The OIG has issued an “Investigative Advisory on Medicaid Fraud and Patient Harm Involving Personal Care Services” that identifies various “fraud schemes” it has encountered involving personal care services (PCS) — nonmedical assistance typically provided by an attendant working for a personal care agency. PCS is an optional Medicaid benefit offered in certain states. According to the advisory, the OIG has opened more than 200 investigations involving PCS program fraud and patient harm and neglect since 2012, including cases involving: payments for PCS that were unnecessary or not provided; the abuse or neglect of beneficiaries by PCS attendants that have resulted in deaths, hospitalizations, and other patient harm; and attendants caring for beneficiaries while impaired.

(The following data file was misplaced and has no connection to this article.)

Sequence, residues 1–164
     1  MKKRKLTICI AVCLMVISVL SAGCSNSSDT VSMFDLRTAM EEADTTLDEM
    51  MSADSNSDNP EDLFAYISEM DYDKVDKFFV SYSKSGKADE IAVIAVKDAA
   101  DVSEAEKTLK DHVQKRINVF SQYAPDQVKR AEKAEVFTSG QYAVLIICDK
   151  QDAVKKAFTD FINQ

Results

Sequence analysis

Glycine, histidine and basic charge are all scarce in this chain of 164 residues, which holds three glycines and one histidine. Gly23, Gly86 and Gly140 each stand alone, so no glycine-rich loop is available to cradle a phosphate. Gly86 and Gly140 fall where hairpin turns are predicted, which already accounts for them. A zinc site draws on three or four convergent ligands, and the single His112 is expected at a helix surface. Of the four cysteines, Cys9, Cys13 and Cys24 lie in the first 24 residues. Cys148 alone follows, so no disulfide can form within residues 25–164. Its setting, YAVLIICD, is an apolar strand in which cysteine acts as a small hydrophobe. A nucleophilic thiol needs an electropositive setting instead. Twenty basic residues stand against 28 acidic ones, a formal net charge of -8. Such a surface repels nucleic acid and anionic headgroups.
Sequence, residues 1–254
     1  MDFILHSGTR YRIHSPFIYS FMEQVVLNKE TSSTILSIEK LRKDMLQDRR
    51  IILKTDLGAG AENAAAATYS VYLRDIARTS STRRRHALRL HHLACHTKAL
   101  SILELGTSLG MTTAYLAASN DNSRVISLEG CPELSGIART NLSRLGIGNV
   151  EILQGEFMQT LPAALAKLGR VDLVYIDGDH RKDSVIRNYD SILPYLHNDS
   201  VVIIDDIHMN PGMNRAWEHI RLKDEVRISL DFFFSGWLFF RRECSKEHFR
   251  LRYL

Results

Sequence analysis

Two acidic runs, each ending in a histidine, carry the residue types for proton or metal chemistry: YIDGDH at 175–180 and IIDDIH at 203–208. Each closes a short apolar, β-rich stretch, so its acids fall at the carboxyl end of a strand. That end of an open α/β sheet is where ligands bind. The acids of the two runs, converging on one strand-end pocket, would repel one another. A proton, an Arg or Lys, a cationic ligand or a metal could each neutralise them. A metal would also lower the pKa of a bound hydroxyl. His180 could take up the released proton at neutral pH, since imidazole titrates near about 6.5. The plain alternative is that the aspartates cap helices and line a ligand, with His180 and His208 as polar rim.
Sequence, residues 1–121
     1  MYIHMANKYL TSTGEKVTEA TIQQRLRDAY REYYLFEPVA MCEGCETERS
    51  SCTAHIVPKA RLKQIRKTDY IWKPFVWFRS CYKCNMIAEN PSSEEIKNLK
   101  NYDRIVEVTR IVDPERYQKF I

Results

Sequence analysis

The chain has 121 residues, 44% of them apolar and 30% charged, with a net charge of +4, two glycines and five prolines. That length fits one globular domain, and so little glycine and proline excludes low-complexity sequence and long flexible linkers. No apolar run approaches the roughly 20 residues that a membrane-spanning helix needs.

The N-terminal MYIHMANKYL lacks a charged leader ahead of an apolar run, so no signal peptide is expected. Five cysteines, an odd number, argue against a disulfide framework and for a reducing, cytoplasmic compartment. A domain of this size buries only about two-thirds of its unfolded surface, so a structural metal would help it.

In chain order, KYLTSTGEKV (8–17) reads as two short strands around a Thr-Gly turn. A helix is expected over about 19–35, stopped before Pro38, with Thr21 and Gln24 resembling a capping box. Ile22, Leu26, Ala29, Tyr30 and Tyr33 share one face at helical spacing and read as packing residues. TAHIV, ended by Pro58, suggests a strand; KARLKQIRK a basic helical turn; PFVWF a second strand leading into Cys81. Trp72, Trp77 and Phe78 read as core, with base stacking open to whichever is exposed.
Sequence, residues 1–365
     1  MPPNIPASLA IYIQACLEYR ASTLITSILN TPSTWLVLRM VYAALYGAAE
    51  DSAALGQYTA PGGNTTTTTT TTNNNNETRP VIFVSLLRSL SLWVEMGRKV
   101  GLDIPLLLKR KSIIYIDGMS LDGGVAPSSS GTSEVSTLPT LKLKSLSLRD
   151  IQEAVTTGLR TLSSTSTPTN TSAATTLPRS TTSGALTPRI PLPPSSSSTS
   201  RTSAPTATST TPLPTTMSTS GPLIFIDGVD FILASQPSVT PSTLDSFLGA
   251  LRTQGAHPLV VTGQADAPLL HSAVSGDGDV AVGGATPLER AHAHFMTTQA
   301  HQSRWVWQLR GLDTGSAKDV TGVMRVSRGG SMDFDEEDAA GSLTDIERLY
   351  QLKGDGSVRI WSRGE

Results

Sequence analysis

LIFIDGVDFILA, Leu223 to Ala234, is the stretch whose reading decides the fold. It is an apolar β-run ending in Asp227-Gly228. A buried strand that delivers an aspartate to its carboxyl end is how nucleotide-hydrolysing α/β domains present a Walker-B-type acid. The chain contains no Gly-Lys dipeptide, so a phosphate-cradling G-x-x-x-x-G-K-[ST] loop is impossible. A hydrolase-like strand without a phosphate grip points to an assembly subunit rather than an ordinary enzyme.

The OIG urges CMS to establish regulatory safeguards for the PCS program, including:
- Minimum federal qualifications and screening standards for PCS workers, including background checks.
- A requirement that states enroll or register all PCS attendants and assign them unique numbers.
- A requirement that PCS claims identify the dates of service and the PCS attendant who provided the service.
- Other controls to ensure that PCS are allowed under program rules and are provided.